6TH U.S. CIRCUIT COURT OF APPEALS Senate confirms 2 Bush nominees
The circuit includes Ohio, Michigan Kentucky and Tennessee.
CINCINNATI (AP) -- Senate confirmation of two judges nominated by President Bush to the 6th U.S. Circuit Court of Appeals probably will give a conservative bent to what had been a balanced court, experts say.
The court hears appeals of federal cases in Ohio, Michigan, Kentucky and Tennessee. It has been understaffed for years with six Republicans and six Democrats because of an impasse in the Senate. Michigan's senators were upset at Republicans for refusing to confirm President Clinton's nominees to the court.
A compromise this month allowed the confirmation of David McKeague, 58, a federal judge in Michigan since 1992, and Richard Griffin, 53, a judge on Michigan's Court of Appeals since 1988. Both have been criticized by liberal groups.
"Presumably, they would not have been nominated by President Bush if they did not share his judicial views," said Tom Fitton, president of Judicial Watch, a conservative, Washington-based judicial watchdog.
But any change in the dominant philosophy of the court likely will be subtle because the 6th Circuit generally has been considered to be moderate, not liberal, Fitton said.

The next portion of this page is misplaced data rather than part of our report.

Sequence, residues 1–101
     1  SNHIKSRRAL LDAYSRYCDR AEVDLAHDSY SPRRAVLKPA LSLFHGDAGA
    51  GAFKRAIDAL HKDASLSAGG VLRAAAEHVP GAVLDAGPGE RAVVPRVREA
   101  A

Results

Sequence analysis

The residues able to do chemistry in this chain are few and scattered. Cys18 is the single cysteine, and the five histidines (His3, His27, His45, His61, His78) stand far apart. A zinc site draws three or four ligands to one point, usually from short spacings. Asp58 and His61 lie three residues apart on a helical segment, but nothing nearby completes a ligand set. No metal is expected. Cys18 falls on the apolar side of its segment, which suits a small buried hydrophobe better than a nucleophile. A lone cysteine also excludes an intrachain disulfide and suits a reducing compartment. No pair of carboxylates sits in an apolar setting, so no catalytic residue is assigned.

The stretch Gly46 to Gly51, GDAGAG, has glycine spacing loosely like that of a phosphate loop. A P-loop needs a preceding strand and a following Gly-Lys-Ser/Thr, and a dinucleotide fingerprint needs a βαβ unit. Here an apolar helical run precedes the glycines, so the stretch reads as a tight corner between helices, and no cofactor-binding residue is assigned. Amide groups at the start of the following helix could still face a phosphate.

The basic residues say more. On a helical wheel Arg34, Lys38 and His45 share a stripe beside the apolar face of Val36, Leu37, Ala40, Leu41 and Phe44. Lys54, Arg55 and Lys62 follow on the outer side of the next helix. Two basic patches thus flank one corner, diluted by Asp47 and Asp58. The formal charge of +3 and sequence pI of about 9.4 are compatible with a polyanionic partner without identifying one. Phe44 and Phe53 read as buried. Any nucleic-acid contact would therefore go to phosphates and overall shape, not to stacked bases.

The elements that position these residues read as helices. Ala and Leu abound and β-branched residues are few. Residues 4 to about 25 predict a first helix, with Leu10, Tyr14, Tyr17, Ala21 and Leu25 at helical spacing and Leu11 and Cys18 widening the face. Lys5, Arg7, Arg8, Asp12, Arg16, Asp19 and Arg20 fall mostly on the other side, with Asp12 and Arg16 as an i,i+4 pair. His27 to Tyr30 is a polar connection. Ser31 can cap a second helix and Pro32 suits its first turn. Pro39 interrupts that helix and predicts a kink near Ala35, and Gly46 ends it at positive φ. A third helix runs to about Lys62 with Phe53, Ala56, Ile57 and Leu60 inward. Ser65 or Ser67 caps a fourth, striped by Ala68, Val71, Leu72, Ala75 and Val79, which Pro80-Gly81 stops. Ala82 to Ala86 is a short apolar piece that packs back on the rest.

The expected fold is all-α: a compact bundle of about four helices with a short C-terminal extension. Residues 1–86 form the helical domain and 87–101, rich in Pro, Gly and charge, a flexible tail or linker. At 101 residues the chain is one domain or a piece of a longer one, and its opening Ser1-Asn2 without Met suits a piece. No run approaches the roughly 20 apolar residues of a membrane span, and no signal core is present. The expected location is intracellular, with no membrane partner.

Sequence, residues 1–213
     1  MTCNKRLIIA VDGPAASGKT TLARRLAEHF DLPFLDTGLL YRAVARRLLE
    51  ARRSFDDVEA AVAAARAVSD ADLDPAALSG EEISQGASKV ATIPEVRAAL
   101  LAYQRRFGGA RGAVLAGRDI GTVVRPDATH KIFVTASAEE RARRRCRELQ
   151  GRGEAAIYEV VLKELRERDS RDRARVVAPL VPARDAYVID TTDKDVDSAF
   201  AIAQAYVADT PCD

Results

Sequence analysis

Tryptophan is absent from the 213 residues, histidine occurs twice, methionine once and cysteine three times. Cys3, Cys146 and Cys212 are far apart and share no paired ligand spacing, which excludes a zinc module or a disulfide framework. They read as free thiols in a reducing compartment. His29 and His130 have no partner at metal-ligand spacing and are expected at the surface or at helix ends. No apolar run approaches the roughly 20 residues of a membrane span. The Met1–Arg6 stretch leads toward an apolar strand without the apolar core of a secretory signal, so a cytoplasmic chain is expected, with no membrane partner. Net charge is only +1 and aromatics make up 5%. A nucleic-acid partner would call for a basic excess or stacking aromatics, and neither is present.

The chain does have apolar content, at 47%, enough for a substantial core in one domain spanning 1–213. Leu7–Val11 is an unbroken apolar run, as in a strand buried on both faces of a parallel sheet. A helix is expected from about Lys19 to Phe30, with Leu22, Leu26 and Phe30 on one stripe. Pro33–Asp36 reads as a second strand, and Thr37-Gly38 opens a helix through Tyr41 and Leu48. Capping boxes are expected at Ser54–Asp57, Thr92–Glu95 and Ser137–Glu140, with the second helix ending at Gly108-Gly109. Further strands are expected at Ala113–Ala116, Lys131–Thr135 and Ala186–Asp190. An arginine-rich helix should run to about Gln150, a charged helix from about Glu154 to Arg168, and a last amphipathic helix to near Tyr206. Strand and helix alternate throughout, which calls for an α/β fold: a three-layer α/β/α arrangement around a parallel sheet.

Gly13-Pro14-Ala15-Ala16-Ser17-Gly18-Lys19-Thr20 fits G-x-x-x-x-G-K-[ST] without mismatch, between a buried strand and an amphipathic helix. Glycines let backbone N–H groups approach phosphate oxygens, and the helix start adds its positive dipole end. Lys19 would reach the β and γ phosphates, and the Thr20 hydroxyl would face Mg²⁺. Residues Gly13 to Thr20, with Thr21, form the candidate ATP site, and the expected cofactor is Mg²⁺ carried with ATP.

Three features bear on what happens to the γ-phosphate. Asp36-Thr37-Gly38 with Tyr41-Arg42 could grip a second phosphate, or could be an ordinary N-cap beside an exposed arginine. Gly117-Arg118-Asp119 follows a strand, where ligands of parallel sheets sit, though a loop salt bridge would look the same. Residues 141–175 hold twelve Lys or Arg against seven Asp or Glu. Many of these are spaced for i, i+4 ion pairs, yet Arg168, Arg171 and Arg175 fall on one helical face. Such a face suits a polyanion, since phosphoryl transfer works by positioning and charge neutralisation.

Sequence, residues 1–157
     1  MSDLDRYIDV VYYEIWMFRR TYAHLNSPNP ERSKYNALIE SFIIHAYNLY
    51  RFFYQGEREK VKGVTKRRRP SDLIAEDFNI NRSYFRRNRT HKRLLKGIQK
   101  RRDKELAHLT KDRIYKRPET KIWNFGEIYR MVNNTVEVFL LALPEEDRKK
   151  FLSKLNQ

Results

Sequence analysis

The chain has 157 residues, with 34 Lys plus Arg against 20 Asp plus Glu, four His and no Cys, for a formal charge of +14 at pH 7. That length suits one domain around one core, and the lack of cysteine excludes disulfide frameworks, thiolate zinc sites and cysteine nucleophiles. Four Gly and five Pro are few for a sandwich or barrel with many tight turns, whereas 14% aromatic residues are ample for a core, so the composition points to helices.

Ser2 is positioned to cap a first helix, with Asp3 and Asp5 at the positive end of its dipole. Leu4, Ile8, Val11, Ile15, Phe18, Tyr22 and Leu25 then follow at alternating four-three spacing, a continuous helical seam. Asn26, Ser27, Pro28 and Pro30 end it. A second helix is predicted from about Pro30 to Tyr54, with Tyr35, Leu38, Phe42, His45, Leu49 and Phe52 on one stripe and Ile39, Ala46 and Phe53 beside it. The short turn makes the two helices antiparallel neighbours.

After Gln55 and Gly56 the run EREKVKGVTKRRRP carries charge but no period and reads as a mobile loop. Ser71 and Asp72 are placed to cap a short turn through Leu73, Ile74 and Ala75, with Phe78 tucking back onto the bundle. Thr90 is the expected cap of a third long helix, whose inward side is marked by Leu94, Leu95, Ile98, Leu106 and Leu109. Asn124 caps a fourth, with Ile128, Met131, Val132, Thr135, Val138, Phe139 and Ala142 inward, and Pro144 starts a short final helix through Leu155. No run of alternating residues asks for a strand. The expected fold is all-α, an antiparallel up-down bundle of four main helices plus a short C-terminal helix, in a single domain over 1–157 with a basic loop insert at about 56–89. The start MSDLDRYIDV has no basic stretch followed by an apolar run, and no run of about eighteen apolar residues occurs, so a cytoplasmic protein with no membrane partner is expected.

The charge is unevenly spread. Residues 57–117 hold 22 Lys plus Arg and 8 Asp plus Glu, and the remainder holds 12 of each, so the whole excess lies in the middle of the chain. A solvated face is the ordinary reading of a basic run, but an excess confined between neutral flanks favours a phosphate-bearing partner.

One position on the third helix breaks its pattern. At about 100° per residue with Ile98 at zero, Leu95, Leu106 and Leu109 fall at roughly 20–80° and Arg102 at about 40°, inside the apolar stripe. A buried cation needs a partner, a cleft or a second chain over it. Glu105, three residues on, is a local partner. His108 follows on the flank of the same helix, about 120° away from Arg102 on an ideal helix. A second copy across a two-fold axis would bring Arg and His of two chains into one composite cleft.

Marianna Bettman, a College of Law professor at the University of Cincinnati, disagrees.
Civil rights reputation
"The 6th Circuit had a reputation as one of the great civil rights courts," she said. "Those days are gone. There's no question it's become far more conservative, and will become more so."
One former judge sees the confirmation of Bush appointees to several courts across the nation as the culmination of a strategy begun by another Republican president 25 years ago.
"Ronald Reagan announced that one of the goals of his administration was to bring about a sea change in the courts, to rid the courts of activist judges," said retired Judge Nathaniel Jones, a native of Youngstown.
"Activism, in the context it was generated ... was a euphemism or code term for judges who were enforcing civil rights laws as they were intended to be enforced, to erase the stain -- the racial stain -- from our institutions."
Judge Jones, a former NAACP general counsel, said he considered himself a "forward thinking" judge, but not the 6th Circuit's most liberal member. He was appointed by President Carter, a Democrat, in 1979 and served until 1995, then continued on part-time status for seven years.
Since retiring, he has been vocal in his criticism of the process used to select judges.
"I have been most concerned over the direction the federal courts are going, which has resulted in a clear strategy to influence the way in which cases are decided," Judge Jones said.
He has no doubt which way the 6th Circuit is leaning.
"A panel might reach a liberal decision, depending on what panel you got, but if it went to en banc [or heard by the full court], that decision would be wiped out," Judge Jones said.